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Why Do Good People Suffer?

(151)

Sermon shared by David Dykes

March 2002
Summary: Why do bad things happen to good people? Suffering gets our attention and reminds us that we cannot make it without God.
Denomination: Baptist
Audience: General adults
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down! Whey should it use up the soil?’ ‘Sir,’ the man replied, ‘leave it alone for one more year, and I’ll dig around it and fertilize it. If it bears fruit next year, fine! If not, then cut it down.’”

The Holy Spirit of Jesus is present with us today, but if He was here in the flesh, we could sit down in front of Him and ask, “Jesus, what about those 254 passengers who were killed on those hijacked airliners? And what about those 3,000 people killed when the World Trade Center was attacked? And while we’re on the subject, what about those 22 people killed in Natanya this week as they were preparing for the Passover meal?” He would look at you with those eyes that you would never forget and say, “Do you suppose those 254 people were worse sinners than anybody else who has ever gotten on an airliner? Or those 3,000 in New York City or those 22 in Natanya–were they worse people than anybody else? NO–but unless you repent, you will perish, too.” You may not like His answer, or His non-answer. You come with a deep, troubling philosophical question, “Why do good people suffer?” and He basically refuses to answer it; instead He turns the question into a statement about your own spiritual condition. A conversation with Jesus is never boring!

It’s okay to ask the question about suffering. Christianity and the Bible can easily endure the light of honest intellectual scrutiny; it has for 200 centuries. So, you don’t have to check your brain at the door when you come to church. This idea of suffering has puzzled us for centuries. There is an entire theological or philosophical study called theodicy. It asks the simple question: If God is entirely good, and entirely powerful–why is there suffering? Some people look at what the Bible says about God and then look around in the world and say, “The character of God and the reality of suffering contradict each other!” What’s the answer?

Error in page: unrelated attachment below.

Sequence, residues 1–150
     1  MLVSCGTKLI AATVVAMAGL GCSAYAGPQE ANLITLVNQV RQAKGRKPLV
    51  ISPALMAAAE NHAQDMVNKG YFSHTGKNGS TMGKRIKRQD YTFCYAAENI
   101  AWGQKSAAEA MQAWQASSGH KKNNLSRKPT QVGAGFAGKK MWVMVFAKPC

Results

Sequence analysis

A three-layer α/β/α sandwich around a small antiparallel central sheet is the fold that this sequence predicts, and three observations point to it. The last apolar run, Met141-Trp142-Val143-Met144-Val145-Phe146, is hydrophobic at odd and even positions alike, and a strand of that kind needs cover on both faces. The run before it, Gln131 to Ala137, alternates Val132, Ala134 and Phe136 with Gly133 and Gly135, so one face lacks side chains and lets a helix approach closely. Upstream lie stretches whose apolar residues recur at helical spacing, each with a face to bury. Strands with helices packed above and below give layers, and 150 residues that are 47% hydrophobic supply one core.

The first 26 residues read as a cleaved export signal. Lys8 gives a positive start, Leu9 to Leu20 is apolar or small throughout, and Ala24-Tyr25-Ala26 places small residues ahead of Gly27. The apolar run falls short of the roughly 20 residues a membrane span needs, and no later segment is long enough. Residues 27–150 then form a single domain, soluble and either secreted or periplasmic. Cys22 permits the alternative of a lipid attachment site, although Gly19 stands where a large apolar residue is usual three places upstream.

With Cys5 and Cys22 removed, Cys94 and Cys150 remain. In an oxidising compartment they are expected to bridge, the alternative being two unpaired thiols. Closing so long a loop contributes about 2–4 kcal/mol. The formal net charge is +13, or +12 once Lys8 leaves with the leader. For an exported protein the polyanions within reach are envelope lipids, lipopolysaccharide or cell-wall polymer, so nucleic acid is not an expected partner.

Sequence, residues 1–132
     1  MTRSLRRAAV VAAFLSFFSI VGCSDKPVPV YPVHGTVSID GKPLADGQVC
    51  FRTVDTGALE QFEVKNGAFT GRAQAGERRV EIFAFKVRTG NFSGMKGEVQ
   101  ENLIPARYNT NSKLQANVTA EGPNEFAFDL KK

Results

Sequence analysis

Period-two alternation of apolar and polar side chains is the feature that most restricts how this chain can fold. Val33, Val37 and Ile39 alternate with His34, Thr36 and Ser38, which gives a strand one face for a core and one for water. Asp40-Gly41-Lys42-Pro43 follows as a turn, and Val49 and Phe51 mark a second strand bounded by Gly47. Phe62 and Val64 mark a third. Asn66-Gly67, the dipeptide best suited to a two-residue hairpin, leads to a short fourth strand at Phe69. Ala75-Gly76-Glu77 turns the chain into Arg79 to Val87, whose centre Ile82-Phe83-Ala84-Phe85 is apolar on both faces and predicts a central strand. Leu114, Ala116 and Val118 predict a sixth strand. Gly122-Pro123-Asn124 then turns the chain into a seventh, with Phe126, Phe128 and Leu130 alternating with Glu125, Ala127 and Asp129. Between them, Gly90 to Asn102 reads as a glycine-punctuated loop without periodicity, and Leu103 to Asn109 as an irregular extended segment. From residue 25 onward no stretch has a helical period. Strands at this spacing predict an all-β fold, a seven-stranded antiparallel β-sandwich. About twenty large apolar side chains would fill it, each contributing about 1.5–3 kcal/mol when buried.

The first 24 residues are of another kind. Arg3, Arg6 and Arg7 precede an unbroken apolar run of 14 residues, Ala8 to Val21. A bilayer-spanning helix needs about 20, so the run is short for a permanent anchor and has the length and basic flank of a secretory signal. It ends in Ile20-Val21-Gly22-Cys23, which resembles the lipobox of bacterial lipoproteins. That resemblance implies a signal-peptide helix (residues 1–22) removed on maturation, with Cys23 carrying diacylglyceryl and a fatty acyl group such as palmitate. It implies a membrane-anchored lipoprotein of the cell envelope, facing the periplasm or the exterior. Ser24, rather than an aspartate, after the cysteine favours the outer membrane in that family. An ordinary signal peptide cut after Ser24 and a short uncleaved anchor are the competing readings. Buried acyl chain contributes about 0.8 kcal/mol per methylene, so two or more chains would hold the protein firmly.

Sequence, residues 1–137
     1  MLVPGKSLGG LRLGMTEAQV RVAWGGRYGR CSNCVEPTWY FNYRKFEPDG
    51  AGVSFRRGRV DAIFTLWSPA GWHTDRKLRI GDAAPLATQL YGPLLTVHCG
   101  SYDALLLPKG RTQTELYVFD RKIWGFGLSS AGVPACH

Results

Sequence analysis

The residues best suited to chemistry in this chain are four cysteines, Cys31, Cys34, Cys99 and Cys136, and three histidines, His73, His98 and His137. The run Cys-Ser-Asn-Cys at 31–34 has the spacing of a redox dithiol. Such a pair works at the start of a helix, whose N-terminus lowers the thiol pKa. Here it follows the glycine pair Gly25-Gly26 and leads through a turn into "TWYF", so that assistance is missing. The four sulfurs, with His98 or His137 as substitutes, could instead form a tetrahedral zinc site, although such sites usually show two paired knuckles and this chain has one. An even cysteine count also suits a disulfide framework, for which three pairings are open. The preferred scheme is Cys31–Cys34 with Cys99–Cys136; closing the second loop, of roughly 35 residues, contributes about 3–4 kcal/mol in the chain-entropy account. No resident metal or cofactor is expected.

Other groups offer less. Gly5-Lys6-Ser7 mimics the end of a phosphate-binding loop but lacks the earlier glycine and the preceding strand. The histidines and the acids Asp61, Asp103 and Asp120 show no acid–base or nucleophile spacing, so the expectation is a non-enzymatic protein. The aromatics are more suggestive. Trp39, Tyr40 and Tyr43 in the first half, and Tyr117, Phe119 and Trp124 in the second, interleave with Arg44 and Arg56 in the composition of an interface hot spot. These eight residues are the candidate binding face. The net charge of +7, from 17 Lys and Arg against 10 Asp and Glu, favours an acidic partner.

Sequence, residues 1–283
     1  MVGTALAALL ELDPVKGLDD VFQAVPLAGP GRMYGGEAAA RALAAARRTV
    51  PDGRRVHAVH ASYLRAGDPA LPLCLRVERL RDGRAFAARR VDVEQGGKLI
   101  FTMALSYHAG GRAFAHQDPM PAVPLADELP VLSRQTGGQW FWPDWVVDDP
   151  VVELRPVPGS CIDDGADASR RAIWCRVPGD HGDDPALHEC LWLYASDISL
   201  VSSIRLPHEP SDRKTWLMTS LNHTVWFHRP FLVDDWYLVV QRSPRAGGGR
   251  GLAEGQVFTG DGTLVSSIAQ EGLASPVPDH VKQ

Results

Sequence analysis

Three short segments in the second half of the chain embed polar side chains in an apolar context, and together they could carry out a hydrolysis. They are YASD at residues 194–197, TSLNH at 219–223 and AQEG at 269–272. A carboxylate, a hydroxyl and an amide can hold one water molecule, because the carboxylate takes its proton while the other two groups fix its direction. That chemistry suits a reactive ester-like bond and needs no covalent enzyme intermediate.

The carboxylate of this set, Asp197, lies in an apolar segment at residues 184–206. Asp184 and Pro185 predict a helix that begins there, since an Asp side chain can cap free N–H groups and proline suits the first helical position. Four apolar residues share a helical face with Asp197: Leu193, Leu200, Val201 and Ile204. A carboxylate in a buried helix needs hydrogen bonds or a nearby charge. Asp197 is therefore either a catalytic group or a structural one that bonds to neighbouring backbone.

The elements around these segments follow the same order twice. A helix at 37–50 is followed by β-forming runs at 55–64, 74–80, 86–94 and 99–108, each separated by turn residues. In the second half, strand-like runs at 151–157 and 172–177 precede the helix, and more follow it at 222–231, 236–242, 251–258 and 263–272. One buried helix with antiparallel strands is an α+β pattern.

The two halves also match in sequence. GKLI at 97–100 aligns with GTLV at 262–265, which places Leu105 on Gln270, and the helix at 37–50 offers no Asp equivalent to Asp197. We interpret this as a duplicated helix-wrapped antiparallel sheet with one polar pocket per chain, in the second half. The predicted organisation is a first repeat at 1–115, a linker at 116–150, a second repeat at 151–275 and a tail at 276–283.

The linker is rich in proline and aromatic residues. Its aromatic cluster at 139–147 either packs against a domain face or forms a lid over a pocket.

In addition to all my other reading, I try to re-read some of the great literary classics. This past year I read Robinson Crusoe by Daniel Defoe. It is a deeply spiritual book because Defoe was a committed Christian who wrote hymns and Christian poetry. When Defoe’s character, Robinson Crusoe, is shipwrecked on an island, he discovers a native and names him Friday. He teaches him to speak English and He teaches Him about God and about the importance of trusting Jesus Christ for salvation. In one of their theological discussions, the following dialogue occurs: Friday to Robinson Crusoe: “But if God much strong, much more than devil, why God no kill the devil so make him no more do evil?” Crusoe’s reply: “You may as well ask, why God no kill you and me when we do wicked things”

That short conversation provides both the question and a good response to the problem of theodicy, the question of, “How can a loving, powerful God allow evil? In light of 9/11 and in light of the resurrection of Jesus, let’s learn four important things about suffering.

1. SUFFERING IS PART OF A FALLEN WORLD

There was no suffering in the Garden of Eden. But when our ancestors, Adam and Eve chose to disobey a loving God, suffering became a reality. We are still living in a world affected by the results of sin. After a nuclear explosion, “fallout” lingers for many years. Even, so we are still living in the “fallout” from the fall of man. God is not the source of evil; Satan and sin
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